Sophomore quarterback Andrew Walter was 24-of-49 for 297 yards for the Sun Devils, but he threw two interceptions. He also lost a fumble that led to an early touchdown that put the Trojans ahead to stay.

Earlier in the quarter, Simmons and Mike Pollard had stopped the Sun Devils' Mike Williams for no gain on fourth-and-1 at the Trojans 27 to end an ASU scoring threat. After Arizona State pulled to 20-13 on Mike Barth's 27-yard field goal as time expired in the third quarter, Fargas gave the Trojans some insurance when he scored on a 3-yard run early in the fourth quarter. He carried 26 times and topped the 100-yard mark for the second time in his career.

Down by 17 in the first half, the Sun Devils closed to 20-10 on a scoring drive that began 2:06 before halftime. Walter ended the march - which took just 1:35 - with a 24-yard throw to junior Shaun McDonald.

Palmer's scoring passes were a 2-yarder to Alex Holmes for a 17-3 lead in the second quarter, and an 18-yarder to Mike Williams in the first quarter.

USC went up 10-3 in first quarter, cashing in on Kenechi Udeze's recovery of Walter's fumble to set up Palmer's touchdown pass to Williams.

Barth kicked a 22-yard field goal on the final play of the first quarter to put Arizona State on the board.

On defense, ASU true freshman Matt Fawley had 10 tackles and nine solos vs. USC, both career highs. Fawley is playing with a plate in his forearm from a broken arm he suffered in the Stanford game earlier this season.

Sun Devils Earn Pac-10 All-Academic HonorsSeven Sun Devils have earned Pac-10 All-Academic honors this season, including junior tailback Mike Williams who was named to the first team for the second straight year. He was one of 10 student-athletes from around the conference to earn first-team honors for a multiple time. Williams was accompanied on the first team by senior linebacker Mason Unck and senior defensive back Al Williams. Junior wide receiver Skyler Fulton was named to the second team after being an honorable-mention selection last year, while senior placekicker Mike Barth, redshirt freshman quarterback Chad Christensen and freshman offensive lineman Grayling Love each earned honorable-mention honors this year. For Barth, it was his third straight conference all-academic mention after being an honorable-mention honoree in 1999 and a first-teamer last season. This year, the Pac-10 honored 24 players on each of the first and second teams while also handing out honorable -accolades to another 26 players. To be eligible for selection to the academic teams, a student-athlete must have a minimum 3.0 overall grade point average and be either a starter of significant substitute.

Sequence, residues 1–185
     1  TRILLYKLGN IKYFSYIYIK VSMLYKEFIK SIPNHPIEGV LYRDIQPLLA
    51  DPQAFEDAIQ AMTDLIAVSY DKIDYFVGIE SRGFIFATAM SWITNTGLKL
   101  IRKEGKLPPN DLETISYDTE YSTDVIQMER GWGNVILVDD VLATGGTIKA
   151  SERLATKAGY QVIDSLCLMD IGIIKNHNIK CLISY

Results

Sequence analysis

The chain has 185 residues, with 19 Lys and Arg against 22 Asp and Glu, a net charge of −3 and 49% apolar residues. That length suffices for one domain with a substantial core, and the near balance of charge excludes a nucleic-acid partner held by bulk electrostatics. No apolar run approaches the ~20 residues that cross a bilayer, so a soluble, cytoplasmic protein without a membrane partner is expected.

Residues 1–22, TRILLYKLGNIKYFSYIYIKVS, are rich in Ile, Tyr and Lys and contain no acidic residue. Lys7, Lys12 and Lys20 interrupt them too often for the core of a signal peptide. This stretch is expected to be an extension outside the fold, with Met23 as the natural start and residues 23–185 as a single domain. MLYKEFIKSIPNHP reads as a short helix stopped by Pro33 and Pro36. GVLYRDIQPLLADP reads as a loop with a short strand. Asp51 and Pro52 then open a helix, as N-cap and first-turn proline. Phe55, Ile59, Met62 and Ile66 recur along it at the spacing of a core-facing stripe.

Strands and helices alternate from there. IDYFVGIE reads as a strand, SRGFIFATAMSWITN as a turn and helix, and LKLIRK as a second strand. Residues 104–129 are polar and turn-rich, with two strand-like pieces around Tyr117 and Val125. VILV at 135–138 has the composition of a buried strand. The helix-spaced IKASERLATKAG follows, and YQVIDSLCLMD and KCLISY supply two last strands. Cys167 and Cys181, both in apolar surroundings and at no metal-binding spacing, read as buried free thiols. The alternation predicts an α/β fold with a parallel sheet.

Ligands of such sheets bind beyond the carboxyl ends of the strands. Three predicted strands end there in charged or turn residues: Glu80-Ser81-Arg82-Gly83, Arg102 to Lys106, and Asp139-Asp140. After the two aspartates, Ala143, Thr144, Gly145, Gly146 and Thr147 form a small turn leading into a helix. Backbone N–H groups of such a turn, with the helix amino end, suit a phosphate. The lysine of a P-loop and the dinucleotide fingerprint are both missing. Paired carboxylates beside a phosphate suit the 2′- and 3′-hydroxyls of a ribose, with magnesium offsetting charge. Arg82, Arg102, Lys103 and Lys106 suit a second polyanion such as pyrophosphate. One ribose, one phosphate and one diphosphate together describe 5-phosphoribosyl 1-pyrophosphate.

Suggs Sets NCAA, Pac-10 & ASU Sacks RecordsWith 20.0 sacks so far this season, junior defensive end Terrell Suggs has set the NCAA, Pac-10 Conference and ASU single-season marks. Syracuse's Dwight Freeney previously held the NCAA mark with 17.5 sacks in 2001, while ASU's Al Harris (1978), Arizona's Tedy Bruschi (1993) and USC's Tim Ryan (1989) all shared the previous Pac-10 mark with 19. The NCAA did not record sacks as an official statistic until 2000, while the Pac-10's defensive stats date back to 1984. Next up for Suggs is the unofficial national record of 24.5 sacks achieved by Pittsburgh's Zeke Gadson in 1987. In addition to setting the school single-season mark, Suggs has also moved into second place on the ASU career list with 40.0 sacks in his three years in Tempe and needs just 1.0 more sack to tie Shante Carver (1990-93) for the ASU career mark.

A finalist for the Ted Hendricks Defensive End of the Year Award, the Rotary Lombardi Award and the Bronko Nagurski Trophy this season, Suggs continues to lead the nation and the Pac-10 in sacks (20.0) and tackles for loss (26.5) this year. He has tallied at least four sacks in two games this year, including a career-best 4.5 sacks Oct. 19 vs. Washington and four sacks Oct. 5 vs. North Carolina. His 4.5 sacks vs. the Huskies were the most for a Sun Devil since Derrick Rodgers had 4.5 in ASU's Rose Bowl-clinching win over California on Nov. 9, 1996.

With his sack at Washington State on Nov. 2, Suggs also set the school single-season and career marks for tackles for loss. He has 26.5 tackles for loss this season, surpassing the 24.0 that Derrick Rodgers (1996) and Al Harris (1977) each had, and 60.5 tackles for loss in his career, which overtakes the 58 that Bob Kohrs tallied in his four years (1976-79). Suggs needs just 1.5 more TFLs to tie the Pac-10 single-season mark of 28 currently held by Stanford's Ron George (1990).